THE BLOG
11/05/2013 02:34 pm ET Updated Jan 23, 2014

Nutrigenomics: The Future of Personalized Nutrition in Cancer Prevention and Treatment

By: Peiying Yang, Ph.D., Stephanie Maxson, MS, RD, LD, and Lorenzo Cohen, Ph.D., Integrative Medicine Program, MD Anderson Cancer Center

Diet plays an important role in cancer prevention and control. Though the association between diet and cancer prevention is still not definitive, recent evidence suggests that diet may modify the risk and improve outcomes of many cancers, including gastric, colorectal, breast, prostate, and lung cancers. Nutrition recommendations are typically based on the assumption that all individuals have the same nutritional requirements, with the exception of small differences between life stages and genders. However, recent advances in genetic sciences reveal that because each individual is genetically unique, not everyone responds identically to specific nutrients. Nutrigenomics, a relatively new science, explores the role of vitamins, minerals, and bioactive food compounds in gene expression and the effect that individual genetic variation can have on the body's response to specific foods.

Compelling evidence suggests nutrients from food likely influence human health through the foods' ability to alter genetic and epigenetic (changes in gene expression caused by mechanisms other than changes in the DNA sequence) events associated with various diseases including cancer. Scientists are working hard to uncover gene-nutrient associations for all types of diseases, especially cancer. Once these associations are better understood, nutrition recommendations can be then personalized for disease prevention and management.

For example, research has shown a link between inadequate folate (one of the essential B vitamins) intake and increased risk of colorectal cancer. However, the response to folate deficiency appears to vary between individuals depending on their genetics. Similarly, the increased risk of colorectal cancer with red meat consumption also seems to vary from one person to another depending on genetic variations associated with metabolism. Therefore, the amount of folate or red meat necessary to influence colorectal cancer risk will vary from one person to another depending on their genes.

Additionally, studies have suggested higher intake of cruciferous vegetables is associated with reduced risk of colorectal and lung cancer. This occurs mainly among patients with lower expression of enzymes responsible for secretion of sulforaphane, a key bioactive compound in cruciferous vegetables. These examples of gene-nutrient associations in cancer are a few of many that we are just beginning to understand. Therefore, a person's response to a particular nutrient likely depends on their genetics.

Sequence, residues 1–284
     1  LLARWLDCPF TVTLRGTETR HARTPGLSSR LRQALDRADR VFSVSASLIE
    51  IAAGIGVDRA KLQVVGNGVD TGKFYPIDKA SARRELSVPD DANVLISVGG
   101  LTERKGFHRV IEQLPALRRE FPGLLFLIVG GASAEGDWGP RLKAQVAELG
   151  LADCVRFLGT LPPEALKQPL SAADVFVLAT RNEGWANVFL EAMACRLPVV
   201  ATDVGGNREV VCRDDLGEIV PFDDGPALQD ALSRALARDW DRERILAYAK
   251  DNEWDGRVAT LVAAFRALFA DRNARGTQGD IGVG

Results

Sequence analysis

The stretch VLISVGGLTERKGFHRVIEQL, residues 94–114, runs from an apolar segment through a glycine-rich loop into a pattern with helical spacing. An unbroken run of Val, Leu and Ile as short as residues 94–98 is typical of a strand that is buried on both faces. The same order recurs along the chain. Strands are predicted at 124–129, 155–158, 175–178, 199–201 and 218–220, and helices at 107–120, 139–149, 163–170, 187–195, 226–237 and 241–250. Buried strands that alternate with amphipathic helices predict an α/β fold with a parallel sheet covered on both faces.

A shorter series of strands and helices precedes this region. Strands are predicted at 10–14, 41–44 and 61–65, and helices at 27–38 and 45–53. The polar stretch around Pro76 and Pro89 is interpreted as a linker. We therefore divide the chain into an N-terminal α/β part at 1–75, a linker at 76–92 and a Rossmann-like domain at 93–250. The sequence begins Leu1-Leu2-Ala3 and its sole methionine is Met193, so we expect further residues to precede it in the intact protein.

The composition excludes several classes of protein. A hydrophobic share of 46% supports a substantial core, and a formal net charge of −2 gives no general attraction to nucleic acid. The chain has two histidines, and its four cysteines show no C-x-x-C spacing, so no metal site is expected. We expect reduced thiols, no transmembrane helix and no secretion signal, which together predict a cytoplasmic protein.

Although nutrigenomics is a science still in its infancy, there is tremendous potential for the application of nutrition in cancer prevention and management. As this field advances, the future of nutritional care will be personalized diet recommendations based on an individual's genetic profile and physiologic needs.

Until we have enough evidence to practice individualized nutrition, everyone should follow these basic recommendations:

• Fill the majority of your plate with plant foods, including a wide variety of plants in all colors of the rainbow.
• Aim to get your nutrients from whole foods (defined as unprocessed foods, such as broccoli, lentils or brown rice) rather than supplements to increase variety of nutrients consumed.
• Avoid excessively high intake of any one nutrient.
• If you have had cancer or have a family history of cancer, it would be prudent to follow the American Cancer Society's diet recommendations for reducing cancer risk. A dietitian or health care practitioner can offer specific recommendations based on the particular cancer of concern.

For more information on diet and other lifestyle factors for cancer prevention and control, join Dr. Lorenzo Cohen and Alison Jefferies November 21, 2013, 7-8:30 PM, St. Catherine's Montessori, 9821 Timberside, Houston, TX to learn more about Living the Anticancer LifeTM and how to put it all into practice both as an individual and within a family.

References:

Trujillo E, Davis CD and Milner JA. Nutrigenomics, proteomics, metabolomics, and the practice of dietetics. J Am Diet Assoc. 2006; 106: 403-413.

Davis C.D and Milner J.A. Nutrigenomics, Vitamin D and Cancer Prevention. J Nutrigenet Nutrigenomics, 2011; 4:1-11.

Fenech M., El-Sohemy A., Cahill L., Ferguson L.R., et al. Nutrigenetics and Nutrigenomics: Viewpoints on the Current Status and Applications in Nutrition Research and Practice. J Nutrigenet Nutrigenomics, 2011; 4:69-89.

Riscuta G. Dumitrescu R.G. 2012. Nutrigenomics: Implications for Breast and Colon Cancer Prevention. Dumitrescu RG and Verma M., eds., Cancer Epigenetics: Methods and Protocols, Humana Press, p. 343-358.

De Roos B. Personalized nutrition: ready for practice? Proceedings of the Nutrition Society, 2013; 72:48-52.

Thomson CA, Rock CL, Thompson PA, Caan BJ, Cussler E, Flatt SW, et al. Vegetable intake is associated with reduced breast cancer recurrence in tamoxifen users: a secondary analysis from the Women's Healthy Eating and Living Study. Breast Cancer Res Treat. 2011; 125:519-27.